Mortgage rates rose for the third consecutive week as positive economic news continued, according to surveys conducted by Freddie Mac and Bankrate.com.

In Freddie Mac’s survey, the 30-year fixed-rate mortgage averaged 5.73 percent for the week ended today, up from last week when it averaged 5.66 percent. The average for the 15-year fixed-rate mortgage this week is 5.32 percent, up from last week when it averaged 5.25 percent. Points on both the 30- and 15-year averaged 0.4.

The five-year Treasury-indexed hybrid adjustable-rate mortgage averaged 5.26 percent this week, with an average 0.5 point, up from last week when it averaged 5.15 percent. The one-year Treasury-indexed ARM averaged 4.42 percent this week, with an average 0.6 point, up from last week when it averaged 4.39 percent. The last time the one-year ARM was higher was the week ended Aug. 2, 2002, when it averaged 4.45 percent.

“As the one-year ARM reaches its highest interest-rate level in almost three years, it comes as no surprise that the ARM share, based on number of applications for a mortgage, has fallen noticeably since the beginning of June,” said Frank Nothaft, vice president and chief economist at Freddie Mac. “And even though long-term rates rose for the third consecutive week, they still remain below 6 percent – still relatively close to the phenomenally low rates we experienced in June of 2003.

“We believe that the housing industry, although poised to ease a bit, will still continue to bustle as the economy continues to expand steadily and long-term rates remain affordable.”

In Bankrate.com’s survey, mortgage rates increased slightly, rising for the third consecutive week and now sitting at a two-month high. The average 30-year fixed-rate mortgage inched higher from 5.76 percent to 5.78 percent, according to Bankrate.com. The 30-year fixed-rate mortgages in this week’s survey had an average of 0.38 discount and origination points.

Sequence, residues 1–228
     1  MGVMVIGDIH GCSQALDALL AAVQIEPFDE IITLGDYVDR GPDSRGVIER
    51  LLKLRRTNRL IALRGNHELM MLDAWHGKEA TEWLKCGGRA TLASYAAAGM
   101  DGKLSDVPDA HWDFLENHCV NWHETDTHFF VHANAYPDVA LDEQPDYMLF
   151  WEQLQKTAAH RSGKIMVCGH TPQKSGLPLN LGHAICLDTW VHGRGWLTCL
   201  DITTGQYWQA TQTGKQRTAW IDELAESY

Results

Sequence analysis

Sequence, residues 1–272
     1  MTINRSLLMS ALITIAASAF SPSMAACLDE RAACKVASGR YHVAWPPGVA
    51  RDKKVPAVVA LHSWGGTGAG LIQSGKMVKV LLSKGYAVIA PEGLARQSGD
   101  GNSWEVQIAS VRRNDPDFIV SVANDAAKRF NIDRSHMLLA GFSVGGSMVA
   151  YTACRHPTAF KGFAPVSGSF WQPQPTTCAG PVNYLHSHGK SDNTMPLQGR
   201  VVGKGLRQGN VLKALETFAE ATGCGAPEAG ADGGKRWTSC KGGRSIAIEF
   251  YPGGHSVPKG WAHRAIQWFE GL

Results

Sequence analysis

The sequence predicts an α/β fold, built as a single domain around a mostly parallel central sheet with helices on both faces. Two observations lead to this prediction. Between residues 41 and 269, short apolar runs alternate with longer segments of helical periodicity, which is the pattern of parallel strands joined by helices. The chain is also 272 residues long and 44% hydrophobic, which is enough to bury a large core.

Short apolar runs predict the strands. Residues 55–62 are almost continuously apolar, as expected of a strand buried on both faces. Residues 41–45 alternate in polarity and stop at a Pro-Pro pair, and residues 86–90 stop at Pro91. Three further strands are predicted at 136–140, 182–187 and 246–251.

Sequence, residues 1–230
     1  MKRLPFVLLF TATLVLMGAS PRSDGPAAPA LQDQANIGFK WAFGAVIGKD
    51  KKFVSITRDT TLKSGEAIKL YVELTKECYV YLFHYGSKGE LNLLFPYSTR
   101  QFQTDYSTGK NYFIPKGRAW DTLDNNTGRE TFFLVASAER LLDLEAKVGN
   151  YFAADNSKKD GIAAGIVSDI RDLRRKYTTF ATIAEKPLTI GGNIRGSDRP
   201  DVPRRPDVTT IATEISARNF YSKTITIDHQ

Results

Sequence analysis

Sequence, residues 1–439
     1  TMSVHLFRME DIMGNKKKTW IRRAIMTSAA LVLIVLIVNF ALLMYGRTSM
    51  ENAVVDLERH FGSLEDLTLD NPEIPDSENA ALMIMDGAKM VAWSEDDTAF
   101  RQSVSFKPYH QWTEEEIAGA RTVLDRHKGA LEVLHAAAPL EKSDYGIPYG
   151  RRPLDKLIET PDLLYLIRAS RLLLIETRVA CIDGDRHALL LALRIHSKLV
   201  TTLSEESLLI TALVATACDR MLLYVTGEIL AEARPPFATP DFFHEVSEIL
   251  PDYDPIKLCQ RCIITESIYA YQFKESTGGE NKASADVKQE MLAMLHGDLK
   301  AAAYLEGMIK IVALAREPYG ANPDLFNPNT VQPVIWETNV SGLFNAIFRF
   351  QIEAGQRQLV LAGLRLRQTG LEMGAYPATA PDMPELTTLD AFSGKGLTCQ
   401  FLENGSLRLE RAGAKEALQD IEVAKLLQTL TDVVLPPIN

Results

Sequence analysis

The 15-year fixed-rate mortgage, popular for refinancing, increased from 5.36 percent to 5.39 percent. The average rate for the jumbo 30-year fixed-rate mortgage nudged higher from 6 percent to 6.01 percent. Adjustable-rate mortgages increased at a faster pace, with the average 5/1 adjustable-rate mortgage jumping from 5.35 percent to 5.4 percent, and the one-year ARM rebounding from 4.71 percent to 4.78 percent.

The past week has produced reports on three consecutive days indicating lower-than-expected inflation, as well as Greenspan’s twice-annual Congressional testimony about the economy and monetary policy. Even though inflation readings came in lower than originally projected, and Alan Greenspan indicated more interest-rate hikes are in the offing, both had little effect on mortgage rates. Mortgage rates are closely related to yields on long-term government bonds. Yields on 10-year Treasury notes are the highest in more than two months, with the same being true for fixed mortgage rates, but only modest increases were seen in the past week.

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